WEEKEND BIRTHDAYS -- FRIDAY: Banker, former CEO and chairman of Citigroup, Sanford I. "Sandy" Weill turns 85... Dean and founder of the Los Angeles-based Simon Wiesenthal Center, Rabbi Marvin Hier turns 79... Graduate of Harvard Law School in 1964, tax assistant to the Solicitor General of the US (1973-1983), now a NYC tax attorney and litigator, Stuart A. Smith turns 77... Actress and film director, Susan Bay turns 75... Computer scientist, Andrew S. Tanenbaum turns 74... Film, stage and television actor and singer, Victor Garber turns 69... Mathematician, entrepreneur and founder of four technology companies, creator of the first camera phone, Philippe Kahn turns 66... Peabody Award and Emmy Award-winning NPR journalist since 1977, now a host of NPR's Weekend Edition, Scott Simon turns 66... AVP of external affairs at the Jewish Federation of Cleveland, Amy Kaplan turns 64... Film producer Gail Sonnenfeld turns 63... Adjunct Professor at both George Washington U. Law School and Stanford In Washington, previously a partner at DLA Piper, Andrew D. Eskin turns 61... VP for talent, booking and ABC News' specialized units at Disney / ABC Television Group, Eric Avram turns 53... Philanthropist and president of the Ruderman Family Foundation, Jay Ruderman turns 52... Actor and comedian, best known for playing the role of writer Frank Rossitano on the NBC sitcom "30 Rock," Judah Friedlander turns 49... VP at the BGR Group since 2017, he was previously a principal at the Podesta Group, Andy Lewin turns 44... Partner at West Wing Writers, Jeff Nussbaum turns 43... Founder of Seward Square Strategies, Jason Rosenbaum turns 41... Retired soccer player in the Israeli Premier League who is now the the first team manager in Maccabi Tel Aviv, Yoav Ziv turns 37... Detroit-based founder and managing partner of Ludlow Ventures and Sandwich Fund, Jonathon Triest turns 36... Head of policy and communications at Facebook's Israel office since 2016, previously Chief of Staff at the Israeli embassy in Washington DC, Jordana Cutler turns 36... VP at the Glover Park Group, Adam Blickstein turns 36 (h/t Playbook)... Strategic communications consultant at 42West, Alexandra Stabler turns 29... Legislative assistant at the Religious Action Center of Reform Judaism, Nathan Bennett... Customer care manager at CCRA Travel Commerce Network, Judy Karta... Investigative reporter on the Metro desk of The New York Times, Brian M. Rosenthal... Jackie Stern... Jeremy Levin...
SATURDAY: CEO of Wilherst Developers and trustee of publicly traded Ramco-Gershenson Properties Trust, Mark K. Rosenfeld turns 72... Founder, president and CEO of Laurel Strategies, Alan H. Fleischmann turns 53... Lead field/floor reporter for CBS Sports football and basketball broadcasts, she also serves on the board of the JCC in Tenafly, Tracy Wolfson turns 43... VP at Las Vegas-based Gold Coast Promotions, assisting non-profits in fundraising, Richard Metzler turns 41... Hasidic singer, entertainer and composer, Lipa Schmeltzer turns 40... Actor Stephen Kramer Glickman turns 39... Musician and digital strategy executive, Rick Sorkin turns 39... Digital reporter and producer for ABC News including "World News Tonight With David Muir," Emily Claire Friedman Cohen turns 33... Assistant professor at GW University in the School of Media and Public Affairs, received his Ph.D. in political science from the University of Chicago in 2016, Ethan Porter turns 33... Uber manager, she was previously an analyst at LivingSocial, Annaliese Rosenthal turns 31... Los Angeles-based tech journalist and founder of the TechSesh blog, Jessica Elizabeth Naziri turns 30... Student at the University of Michigan, Zach Sherman...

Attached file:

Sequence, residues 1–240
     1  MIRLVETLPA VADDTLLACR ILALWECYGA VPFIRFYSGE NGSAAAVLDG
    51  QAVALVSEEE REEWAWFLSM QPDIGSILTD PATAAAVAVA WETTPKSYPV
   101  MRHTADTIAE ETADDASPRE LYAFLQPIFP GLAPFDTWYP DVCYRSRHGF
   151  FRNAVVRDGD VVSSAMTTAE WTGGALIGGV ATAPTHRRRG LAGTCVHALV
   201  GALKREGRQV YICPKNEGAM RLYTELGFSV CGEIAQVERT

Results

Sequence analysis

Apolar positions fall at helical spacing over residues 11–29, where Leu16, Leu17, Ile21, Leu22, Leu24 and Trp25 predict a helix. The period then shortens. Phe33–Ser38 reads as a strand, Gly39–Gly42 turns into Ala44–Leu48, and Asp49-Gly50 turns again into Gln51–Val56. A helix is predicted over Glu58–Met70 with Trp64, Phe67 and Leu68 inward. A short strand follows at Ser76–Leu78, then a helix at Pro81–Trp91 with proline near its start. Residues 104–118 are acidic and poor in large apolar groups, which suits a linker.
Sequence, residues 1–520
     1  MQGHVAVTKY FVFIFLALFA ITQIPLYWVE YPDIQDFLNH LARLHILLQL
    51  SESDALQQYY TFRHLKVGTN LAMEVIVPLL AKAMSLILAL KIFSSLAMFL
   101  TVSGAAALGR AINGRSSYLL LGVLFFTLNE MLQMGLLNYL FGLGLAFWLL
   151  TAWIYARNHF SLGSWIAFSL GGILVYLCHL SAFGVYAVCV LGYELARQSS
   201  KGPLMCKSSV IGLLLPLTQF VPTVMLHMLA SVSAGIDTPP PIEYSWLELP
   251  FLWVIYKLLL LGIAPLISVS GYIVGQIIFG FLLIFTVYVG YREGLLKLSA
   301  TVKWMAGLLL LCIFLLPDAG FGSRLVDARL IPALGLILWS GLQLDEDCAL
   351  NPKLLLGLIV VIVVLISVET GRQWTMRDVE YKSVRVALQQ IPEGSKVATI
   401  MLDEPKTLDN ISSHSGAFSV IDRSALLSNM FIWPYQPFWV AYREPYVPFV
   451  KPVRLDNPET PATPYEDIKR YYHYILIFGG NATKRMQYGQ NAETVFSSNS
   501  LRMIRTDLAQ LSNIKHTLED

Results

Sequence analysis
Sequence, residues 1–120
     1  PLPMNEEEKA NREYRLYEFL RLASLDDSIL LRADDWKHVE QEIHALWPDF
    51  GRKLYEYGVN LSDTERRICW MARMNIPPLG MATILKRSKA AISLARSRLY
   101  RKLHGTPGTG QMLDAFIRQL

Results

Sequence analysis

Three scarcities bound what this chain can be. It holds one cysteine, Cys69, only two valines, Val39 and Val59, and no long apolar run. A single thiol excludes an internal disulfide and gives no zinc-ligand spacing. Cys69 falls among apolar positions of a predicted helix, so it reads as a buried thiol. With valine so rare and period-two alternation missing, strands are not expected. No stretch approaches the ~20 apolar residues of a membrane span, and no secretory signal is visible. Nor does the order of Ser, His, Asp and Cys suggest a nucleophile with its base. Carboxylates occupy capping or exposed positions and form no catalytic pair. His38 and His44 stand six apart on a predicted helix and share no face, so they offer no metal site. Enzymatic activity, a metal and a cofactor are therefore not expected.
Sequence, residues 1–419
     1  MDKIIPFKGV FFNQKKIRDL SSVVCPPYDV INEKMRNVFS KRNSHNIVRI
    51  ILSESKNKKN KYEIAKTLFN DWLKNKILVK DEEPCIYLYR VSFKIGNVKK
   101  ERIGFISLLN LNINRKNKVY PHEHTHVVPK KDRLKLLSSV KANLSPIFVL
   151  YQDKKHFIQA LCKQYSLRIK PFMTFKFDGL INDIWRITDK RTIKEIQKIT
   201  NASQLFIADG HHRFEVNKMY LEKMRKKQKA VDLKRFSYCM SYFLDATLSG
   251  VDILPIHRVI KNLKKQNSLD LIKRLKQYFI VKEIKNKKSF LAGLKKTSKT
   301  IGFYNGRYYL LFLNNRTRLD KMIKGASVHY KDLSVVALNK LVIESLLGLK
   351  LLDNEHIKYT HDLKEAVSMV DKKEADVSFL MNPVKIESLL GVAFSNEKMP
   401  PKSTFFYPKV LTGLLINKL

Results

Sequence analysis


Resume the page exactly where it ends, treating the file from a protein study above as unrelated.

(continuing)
SUNDAY: Professor emeritus of biochemistry and genetics in the medical school of the University of North Carolina, author of five books since turning 80 years old, Edward Glassman, Ph.D. turns 89... Screenwriter, actor, comedian and film executive, best known for co-writing the screenplay for "Jaws" and its first two sequels, Carl Gottlieb turns 80... Professor of modern Jewish history and Holocaust studies at Emory University, Deborah Lipstadt turns 71... One-half of the eponymous Ben & Jerry's ice cream, Bennett "Ben" Cohen turns 67... Crisis response team manager for the City of Los Angeles (1998-2013), consultant for non-profit organizations in the areas of event management, administration and development, Jeffrey Zimerman MSW turns 62... Dean of the Rabbinical School at the Jewish Theological Seminary, Rabbi Daniel S. Nevins turns 52... Filmmaker, writer and stand-up comedian, best known as the screenwriter for "Robin Hood: Men in Tights" and for writing the screenplay adaptation of "Battlefield Earth," J. D. Shapiro turns 49... Identical twin brothers, both singers and songwriters who recorded as “Evan and Jaron,” Evan Lowenstein and Jaron Lowenstein turn 44... Singer, songwriter, multi-instrumentalist, actor, record producer and lead vocalist for the pop rock band Maroon 5, Adam Levine turns 39... Consultant at The Boston Consulting Group, Ariel Koschitzky turns 29... Andy Weiss... Michael Shapiro... Jenni Volz...